Foam rolling is the pre- and post-workout ritual you have been missing! Not only is it a cheaper alternative to a sports massage but it offers many of the same benefits, such as improved circulation, reduced inflammation and flexibility. Known as self-myofascial release (SMR), foam rolling helps reduce muscle tension and increases muscle length so you can perform at your peak. Once you start seeing the benefits of foam rolling, you’ll wish you’d started sooner!
How foam rolling can benefit your workout routine
Effective pre-workout warm-up
Using a foam roller every day can be highly beneficial for a number of reasons. Not only does it give you a deep-tissue massage that enables recovery and encourages blood circulation, but it is also an effective pre-workout warm-up. Regular foam rolling prepares your muscles for the workout ahead by improving their pliability and increasing blood flow. A few minutes of light cardio, together with foam rolling and a good stretch, will make your body more receptive to the benefits of foam rolling and help prevent injury. If you’re a runner, rolling out your muscles beforehand can help to improve your overall performance.
Aids post-workout recovery
One major benefit of foam rolling is that it is the perfect way to conclude an exercise routine. Not only does foam rolling help reduce soreness, but it assists the overall post-workout recovery process by preventing and reducing adhesions in the muscles. So how does this process work? After a vigorous workout, muscle damage occurs which signals a repair process in the body. To repair the injured tissue; new collagen molecules form but if the tissue is not moved properly during this process, the collagen could bind between the muscle layers and form adhesions. Rolling out sore and injured muscles helps reduce the risk of this happening.
Adhesions can be addressed using the foam roller itself, by placing the foam roller under the pressure point and pressing your weight down until you feel the tension ease. If the tender area is small, simply use a smaller item (like a tennis ball) to loosen the knot. Then you can lengthen out the muscle by gently rolling across it with the foam roller for half a minute.
Improved recovery times
As you work out, your muscles generate a build-up of lactic acid which essentially heightens fatigue, intensifies post-workout stiffness and lengthens recovery time. Many of the techniques used with foam rolling target this lactic acid and break it down, which results in less post-workout stress and quicker recovery time.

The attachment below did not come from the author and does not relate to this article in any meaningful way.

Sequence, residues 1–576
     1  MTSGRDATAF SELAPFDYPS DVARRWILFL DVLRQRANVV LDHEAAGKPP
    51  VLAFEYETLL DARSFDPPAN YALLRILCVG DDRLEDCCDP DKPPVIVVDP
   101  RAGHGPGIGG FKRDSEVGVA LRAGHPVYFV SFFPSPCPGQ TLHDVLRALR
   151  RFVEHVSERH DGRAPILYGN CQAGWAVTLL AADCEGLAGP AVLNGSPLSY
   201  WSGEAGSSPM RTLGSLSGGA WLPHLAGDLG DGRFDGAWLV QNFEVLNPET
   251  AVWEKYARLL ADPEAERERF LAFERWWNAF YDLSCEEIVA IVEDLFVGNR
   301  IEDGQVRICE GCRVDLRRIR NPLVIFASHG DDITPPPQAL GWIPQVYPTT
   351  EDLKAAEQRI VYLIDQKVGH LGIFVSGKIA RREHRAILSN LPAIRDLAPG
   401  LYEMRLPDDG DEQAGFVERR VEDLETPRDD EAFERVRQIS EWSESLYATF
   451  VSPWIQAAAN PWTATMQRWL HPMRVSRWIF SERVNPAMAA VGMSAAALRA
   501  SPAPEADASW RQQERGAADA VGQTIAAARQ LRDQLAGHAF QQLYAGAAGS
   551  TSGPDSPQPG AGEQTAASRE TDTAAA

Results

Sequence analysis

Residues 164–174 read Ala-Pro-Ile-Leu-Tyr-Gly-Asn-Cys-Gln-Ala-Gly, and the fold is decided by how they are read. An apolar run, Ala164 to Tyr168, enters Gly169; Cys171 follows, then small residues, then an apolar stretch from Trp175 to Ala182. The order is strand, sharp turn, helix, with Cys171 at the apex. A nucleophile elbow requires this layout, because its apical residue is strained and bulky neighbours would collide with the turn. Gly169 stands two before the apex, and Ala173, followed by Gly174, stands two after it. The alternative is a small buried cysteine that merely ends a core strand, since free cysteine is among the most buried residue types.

Relieving the fascia
Foam rolling can relieve the muscle pain associated with exercise, especially shin splints and IT band syndrome. Like a sports massage; foam rolling reduces inflammation, targets and breaks up scar tissue in the muscles and reduces joint stress. The fascia is a sheet of tissue beneath the skin that connects, stabilises and separates muscles and internal organs. By putting pressure on this sheet of tissue, foam rolling can reduce many of the muscular problems associated with a tense fascia.
However, it is better to underwork tissue than overwork it so keep your rolling time between 30 and 90 seconds per muscle. If you feel you need to roll for longer, you are probably suffering from a deeper issue that can’t be fixed by a foam roller. Excessive rolling could cause further damage to an injured area.
Flexibility and mobility
By relieving tension in the fascia, a foam roller can do wonders to enhance your flexibility and mobility. Intensive lifting sessions can put pressure on the fascia as the body bulks. This essentially stifles free movement, and could possibly even result in problems with the joints, bones and tendons. Using a foam roller after these sessions can reduce the impact that weight lifting often has on the body.
By breaking down lactic acid and enhancing flexibility, foam rolling can condition your body to recover and perform better during routines or strenuous exercise. Not only this, but it can also go a long way to ensuring that you avoid injuries. Foam rolling increases blood and oxygen circulation to your muscles, which ensures that you stay off the bench.
However, if you are new to foam rolling, stick to a softer, smooth roller. Rolling out muscles with a hard, textured roller can compress the tissue too much, causing unnecessary pain and sometimes bruising. Once you’re a seasoned roller and your muscle tissue is used to the pressure, you can graduate to a firmer roller.
There are several benefits of foam rolling when done correctly. Taking an online foam rolling course can give you the knowledge you need to help yourself and others to get the most out of foam rolling. Trifocus Fitness Academy is a leader in health and fitness education, offering an extensive array of health and fitness qualifications at competitive prices. Find out more about our online foam rolling course or our other fitness courses, speak to a consultant at 0861444765.